Originally published in The Irish Examiner
When you contribute to an enterprise course, as I have, many a time, the first thing you learn is that every third woman in this country has a dream of opening a coffee shop specialising in her family’s scones. Never mind the constant inspections seeking vermin droppings, the small margins, and the backbreaking labour; that’s the dream.
The second thing you learn is a general contempt for “lifestyle” business people — sole traders, in other words, or couples whose business supports themselves and their family and nobody else.
Enterprise courses love software developers planning to come up with a Zoom or a TikTok and sell it off to Apple or Microsoft for millions, even though the developers may not actually employ that many people during in its development.
But enterprise course-givers don’t like people who just want to employ themselves, the boyfriend, and maybe a pal two days a week.
When I first encountered this rule — because it is indubitably a rule implicit in the enterprise canon —I accepted it obediently.
Lifestyle businesses should not be entertained on enterprise courses, I parroted. They make no significant contribution to the gross national product. None of us actually said that they were parasites on the economic body, but the parasite description hovered around.
They were minutiae and we were working on the big picture. Without the multinationals and the other massive commercial bodies, they wouldn’t be able to exist at all.
We wanted to create big enterprises, huge corporations, vast businesses that could never fail. Not encourage a bunch of hopeless freelancers.
Nobody acknowledged that, while we were despising freelancers, big business was actively fostering them while hiding under an umbrella term that spread responsibility so thinly over everything that all anybody could do was shrug: That’s the gig economy for you.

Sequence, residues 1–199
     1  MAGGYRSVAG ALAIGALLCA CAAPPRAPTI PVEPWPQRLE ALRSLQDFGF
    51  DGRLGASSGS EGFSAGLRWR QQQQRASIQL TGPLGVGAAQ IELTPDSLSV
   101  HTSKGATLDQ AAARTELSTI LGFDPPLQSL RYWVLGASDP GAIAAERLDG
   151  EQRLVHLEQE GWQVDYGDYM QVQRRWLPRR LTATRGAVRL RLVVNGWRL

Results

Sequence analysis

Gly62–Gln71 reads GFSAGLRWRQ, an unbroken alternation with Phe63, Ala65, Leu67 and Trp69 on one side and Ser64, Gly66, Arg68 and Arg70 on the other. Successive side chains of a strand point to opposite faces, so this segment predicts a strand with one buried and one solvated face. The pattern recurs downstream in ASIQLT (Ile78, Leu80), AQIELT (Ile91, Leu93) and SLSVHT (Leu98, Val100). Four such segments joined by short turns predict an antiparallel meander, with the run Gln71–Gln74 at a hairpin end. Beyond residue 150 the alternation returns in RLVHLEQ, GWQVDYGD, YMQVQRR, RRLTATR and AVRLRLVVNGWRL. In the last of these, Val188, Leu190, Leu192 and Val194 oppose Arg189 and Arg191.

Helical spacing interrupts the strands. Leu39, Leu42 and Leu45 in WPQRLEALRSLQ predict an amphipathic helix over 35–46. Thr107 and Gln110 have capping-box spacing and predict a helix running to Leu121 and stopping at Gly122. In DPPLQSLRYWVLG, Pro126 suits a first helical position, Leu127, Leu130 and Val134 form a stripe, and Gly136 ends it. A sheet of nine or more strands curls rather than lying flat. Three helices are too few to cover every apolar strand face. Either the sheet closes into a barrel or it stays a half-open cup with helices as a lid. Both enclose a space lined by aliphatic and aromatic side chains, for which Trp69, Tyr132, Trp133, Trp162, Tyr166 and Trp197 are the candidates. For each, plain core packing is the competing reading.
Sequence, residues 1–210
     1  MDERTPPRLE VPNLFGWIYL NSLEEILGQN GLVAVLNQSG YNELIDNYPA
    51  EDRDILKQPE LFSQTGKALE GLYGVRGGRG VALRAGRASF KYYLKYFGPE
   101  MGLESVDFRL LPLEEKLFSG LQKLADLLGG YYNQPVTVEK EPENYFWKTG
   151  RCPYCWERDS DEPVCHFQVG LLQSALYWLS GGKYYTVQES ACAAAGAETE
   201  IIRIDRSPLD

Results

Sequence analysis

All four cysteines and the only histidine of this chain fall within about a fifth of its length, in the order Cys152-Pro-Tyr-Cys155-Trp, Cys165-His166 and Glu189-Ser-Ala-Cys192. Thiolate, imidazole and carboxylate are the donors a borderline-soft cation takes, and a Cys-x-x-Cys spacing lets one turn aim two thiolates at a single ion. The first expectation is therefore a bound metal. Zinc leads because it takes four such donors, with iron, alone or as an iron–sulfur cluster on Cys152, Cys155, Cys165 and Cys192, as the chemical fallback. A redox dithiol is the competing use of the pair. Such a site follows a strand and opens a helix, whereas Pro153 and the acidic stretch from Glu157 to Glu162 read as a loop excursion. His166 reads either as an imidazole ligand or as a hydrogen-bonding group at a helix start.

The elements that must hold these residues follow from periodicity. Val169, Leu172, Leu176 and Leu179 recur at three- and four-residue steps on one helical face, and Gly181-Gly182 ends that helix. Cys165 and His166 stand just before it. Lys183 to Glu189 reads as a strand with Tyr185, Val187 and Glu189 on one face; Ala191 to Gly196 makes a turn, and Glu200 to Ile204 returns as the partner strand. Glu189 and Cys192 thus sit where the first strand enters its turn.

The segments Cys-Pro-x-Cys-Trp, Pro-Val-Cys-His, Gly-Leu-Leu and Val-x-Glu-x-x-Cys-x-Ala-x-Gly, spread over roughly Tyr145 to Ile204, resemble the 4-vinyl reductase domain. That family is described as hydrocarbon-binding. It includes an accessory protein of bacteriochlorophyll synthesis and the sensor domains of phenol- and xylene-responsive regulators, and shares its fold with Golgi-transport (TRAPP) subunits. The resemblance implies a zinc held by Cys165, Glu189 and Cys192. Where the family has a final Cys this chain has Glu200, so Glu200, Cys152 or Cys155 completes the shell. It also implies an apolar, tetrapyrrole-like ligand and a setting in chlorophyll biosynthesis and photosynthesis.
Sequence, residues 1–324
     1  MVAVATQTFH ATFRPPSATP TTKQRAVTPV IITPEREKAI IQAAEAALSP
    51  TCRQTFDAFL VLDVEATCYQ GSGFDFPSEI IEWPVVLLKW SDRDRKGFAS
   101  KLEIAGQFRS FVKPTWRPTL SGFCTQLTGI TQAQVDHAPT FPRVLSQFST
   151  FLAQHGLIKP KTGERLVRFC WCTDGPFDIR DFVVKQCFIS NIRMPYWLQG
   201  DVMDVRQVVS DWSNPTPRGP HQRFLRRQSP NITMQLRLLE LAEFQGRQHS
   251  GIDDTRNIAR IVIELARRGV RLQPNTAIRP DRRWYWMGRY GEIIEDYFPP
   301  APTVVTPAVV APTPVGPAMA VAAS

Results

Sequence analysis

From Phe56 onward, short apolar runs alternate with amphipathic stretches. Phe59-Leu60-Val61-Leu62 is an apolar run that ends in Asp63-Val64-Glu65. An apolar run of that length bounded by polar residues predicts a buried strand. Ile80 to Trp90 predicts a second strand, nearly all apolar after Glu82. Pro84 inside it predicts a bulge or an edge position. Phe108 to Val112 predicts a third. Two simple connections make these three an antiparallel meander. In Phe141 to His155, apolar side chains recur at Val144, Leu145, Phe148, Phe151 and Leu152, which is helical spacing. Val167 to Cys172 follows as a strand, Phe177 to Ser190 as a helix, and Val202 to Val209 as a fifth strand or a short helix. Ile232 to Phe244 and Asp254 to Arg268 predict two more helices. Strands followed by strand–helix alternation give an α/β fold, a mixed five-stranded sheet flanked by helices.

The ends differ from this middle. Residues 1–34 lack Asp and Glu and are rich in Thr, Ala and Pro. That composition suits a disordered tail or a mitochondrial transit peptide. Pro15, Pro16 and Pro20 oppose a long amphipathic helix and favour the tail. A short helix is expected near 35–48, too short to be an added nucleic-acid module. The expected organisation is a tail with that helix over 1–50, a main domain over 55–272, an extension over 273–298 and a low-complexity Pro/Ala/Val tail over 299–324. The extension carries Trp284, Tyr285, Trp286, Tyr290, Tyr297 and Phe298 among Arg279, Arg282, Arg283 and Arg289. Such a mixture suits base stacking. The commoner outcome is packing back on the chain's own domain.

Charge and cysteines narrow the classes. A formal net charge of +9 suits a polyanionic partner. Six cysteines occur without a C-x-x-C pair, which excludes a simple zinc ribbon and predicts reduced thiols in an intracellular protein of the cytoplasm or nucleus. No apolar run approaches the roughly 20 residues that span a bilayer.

The gig economy is where kids are told practically from birth that they need to be able to code.
Once they’re able to code, they can be channelled into the university courses that turn out processions of 20-somethings ready to obediently wear the uniform of t-shirt, hoodie, jeans, and trainers, ready to be vomited forth by public transport earlier than nine each morning, ready to head down, lugging a laptop in a shoulder bag to one of the big corporations regarded as cool and clever, ready to be sucked back home later than five.
”Home” being a rented house shared with too many others who are in much the same situation.
The gig economy allows all of these young people to get middle-aged but not permanent, panicky but not possessed of a mortgage, healthy but terrified of illness.
Some of them, God love them, don’t even work for the people they work for, if you get my drift.
They are bought by another company and hired out to the ostensible employer, which allows the latter not just to keep them in a state of stressful impermanence, but to avoid treating them to the benefits any decent employer would be happy to deliver to their staff. They can’t afford to take days off.
They can’t afford a rent hike. They’re fearful and frazzled and although highly educated, thanks to the State, make a doubtful GDP contribution. The smallest downturn and they’re tossed out on their ass.